Deciphering the expression of climate change within the Lower Colorado River basin by stochastic simulation of convective rainfall

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Deciphering the expression of climate change within the Lower Colorado River basin by stochastic simulation of convective rainfall
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In drylands, convective rainstorms typically control runoff, streamflow, water supply and flood risk to human populations, and ecological water availability at multiple spatial scales. Since drainage basin water balance is sensitive to climate, it is important to improve characterization of convective rainstorms in a manner that enables statistical assessment of rainfall at high spatial and temporal resolution, and the prediction of plausible manifestations of climate change. Here we present a simple rainstorm generator, STORM, for convective storm simulation. It was created using data from a rain gauge network in one dryland drainage basin, but is applicable anywhere. We employ STORM to assess watershed rainfall under climate change simulations that reflect differences in wetness/storminess, and thus provide insight into observed or projected regional hydrologic trends. Our analysis documents historical, regional climate change manifesting as a multidecadal decline in rainfall intensity, which we suggest has negatively impacted ephemeral runoff in the Lower Colorado River basin, but has not contributed substantially to regional negative streamflow trends.
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Impact event Storm
rainstorms are the main driver of hydrology at the land
surface but we don't know that much about how convective rainstorms
affect the response of watersheds is a general problem
and in trying to predict how climate change will impact rainstorms around the world and the main problem is that these convective rainstorms happened but
over the course of a few minutes or maybe an hour whereas most of
the outputs that come from global climate models or even in a global datasets tend to be daily or even monthly and so we we can't really capture the effect of these sorts of rainstorms and in particular how they impact watersheds so we set out to develop a model that does this and utilizing a dataset that was very rich in information at the per minute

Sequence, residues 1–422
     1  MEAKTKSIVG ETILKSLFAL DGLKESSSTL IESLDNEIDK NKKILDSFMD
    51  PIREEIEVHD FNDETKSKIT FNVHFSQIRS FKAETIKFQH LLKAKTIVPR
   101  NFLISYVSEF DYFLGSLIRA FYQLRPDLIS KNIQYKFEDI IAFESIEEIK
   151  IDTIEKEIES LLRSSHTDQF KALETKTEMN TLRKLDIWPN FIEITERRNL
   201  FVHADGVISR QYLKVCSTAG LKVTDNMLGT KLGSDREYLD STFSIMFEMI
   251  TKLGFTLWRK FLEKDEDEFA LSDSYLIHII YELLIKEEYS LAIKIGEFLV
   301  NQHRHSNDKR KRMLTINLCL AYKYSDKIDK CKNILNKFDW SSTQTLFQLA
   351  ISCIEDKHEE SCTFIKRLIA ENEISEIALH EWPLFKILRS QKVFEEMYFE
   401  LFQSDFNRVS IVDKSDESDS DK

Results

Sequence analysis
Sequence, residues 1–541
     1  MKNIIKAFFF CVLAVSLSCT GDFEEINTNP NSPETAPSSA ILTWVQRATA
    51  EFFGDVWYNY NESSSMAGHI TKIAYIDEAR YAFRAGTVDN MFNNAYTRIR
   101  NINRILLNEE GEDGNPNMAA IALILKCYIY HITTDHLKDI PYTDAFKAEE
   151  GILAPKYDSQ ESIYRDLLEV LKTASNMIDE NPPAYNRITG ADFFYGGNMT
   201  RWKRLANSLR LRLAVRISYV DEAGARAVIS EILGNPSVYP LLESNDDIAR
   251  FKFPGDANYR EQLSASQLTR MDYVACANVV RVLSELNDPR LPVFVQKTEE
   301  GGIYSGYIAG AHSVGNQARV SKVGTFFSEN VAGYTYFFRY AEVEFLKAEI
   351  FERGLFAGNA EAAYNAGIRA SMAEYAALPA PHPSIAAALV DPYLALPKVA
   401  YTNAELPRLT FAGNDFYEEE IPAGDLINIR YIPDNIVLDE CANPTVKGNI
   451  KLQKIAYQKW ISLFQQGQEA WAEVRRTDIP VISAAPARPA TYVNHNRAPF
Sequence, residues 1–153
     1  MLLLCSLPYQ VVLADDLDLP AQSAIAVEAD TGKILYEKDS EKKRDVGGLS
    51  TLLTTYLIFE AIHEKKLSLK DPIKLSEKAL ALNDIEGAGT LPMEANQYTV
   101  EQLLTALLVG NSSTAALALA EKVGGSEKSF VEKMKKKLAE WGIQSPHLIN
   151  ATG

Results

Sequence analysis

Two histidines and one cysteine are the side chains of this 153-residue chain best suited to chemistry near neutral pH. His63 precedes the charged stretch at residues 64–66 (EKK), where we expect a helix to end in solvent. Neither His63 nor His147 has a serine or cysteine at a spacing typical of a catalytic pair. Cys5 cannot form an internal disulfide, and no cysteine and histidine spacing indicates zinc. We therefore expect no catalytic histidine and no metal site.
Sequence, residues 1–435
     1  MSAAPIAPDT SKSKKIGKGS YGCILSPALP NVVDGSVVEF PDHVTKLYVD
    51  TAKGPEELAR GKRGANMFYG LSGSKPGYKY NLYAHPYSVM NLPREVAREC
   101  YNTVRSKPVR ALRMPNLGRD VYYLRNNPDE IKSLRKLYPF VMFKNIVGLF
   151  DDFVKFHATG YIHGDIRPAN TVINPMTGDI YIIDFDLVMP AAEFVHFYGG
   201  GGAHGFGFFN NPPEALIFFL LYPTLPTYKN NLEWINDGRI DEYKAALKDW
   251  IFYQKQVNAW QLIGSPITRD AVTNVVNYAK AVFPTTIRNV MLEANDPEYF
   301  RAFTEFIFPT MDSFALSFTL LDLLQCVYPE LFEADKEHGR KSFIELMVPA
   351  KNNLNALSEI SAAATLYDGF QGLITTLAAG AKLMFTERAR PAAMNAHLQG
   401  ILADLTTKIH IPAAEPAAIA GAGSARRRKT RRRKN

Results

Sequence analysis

basis so we apply this model
to buy a watershed in southeastern
Arizona and with the United States
called Walnut Gulch which have been intensively studied for many many decades and in ranching context and and it has the densest rain gage network in the
world so it was a very suitable place to develop the model and also to test within that region there's a
general observation and and this is within the lower Colorado river basin is general observation that there's been a decline in runoff within the rivers that drain into
the Colorado river and people have wondered for a while why do we see this decline so we
1st looked at the data and we found a very surprising result which was in long-term decrease
in rainfall intensity and within the space and this means that each rainstorm that arrives is delivering rainfall at a lower rates and this was a really surprising
result but it indicated how the climate might be changing in that environment where there's sort of a drying of the atmosphere and this relates to a a broader scientific issue and that's called the classes copper on relations this basically says that for each degrees Celsius
of warming in the atmosphere we should get 7 per cent more moisture in the atmosphere because
that's what you're holding capacity in the atmosphere increases with temperature that's of
thermodynamic concept but in drilon environments like in southeastern Arizona there really isn't
in local supply of moisture to I'm satisfied the evaporative demand associated
with the warming that we have observed within that region so in fact you have to import that moisture from elsewhere and it doesn't appear to be arriving at the right rates to generate more intense precipitation so
convective rainfall is not unique to Arizona or the Southwestern United States even in the UK there is convective rainfall that contributes to flooding across this country and it's a it's a
subject of great study around here across the world we see convective rainfall
and it tends to yield the strongest response in runoff and flooding in and around the world so it's really important that we get a better handle on these sorts of storms and their impact on watersheds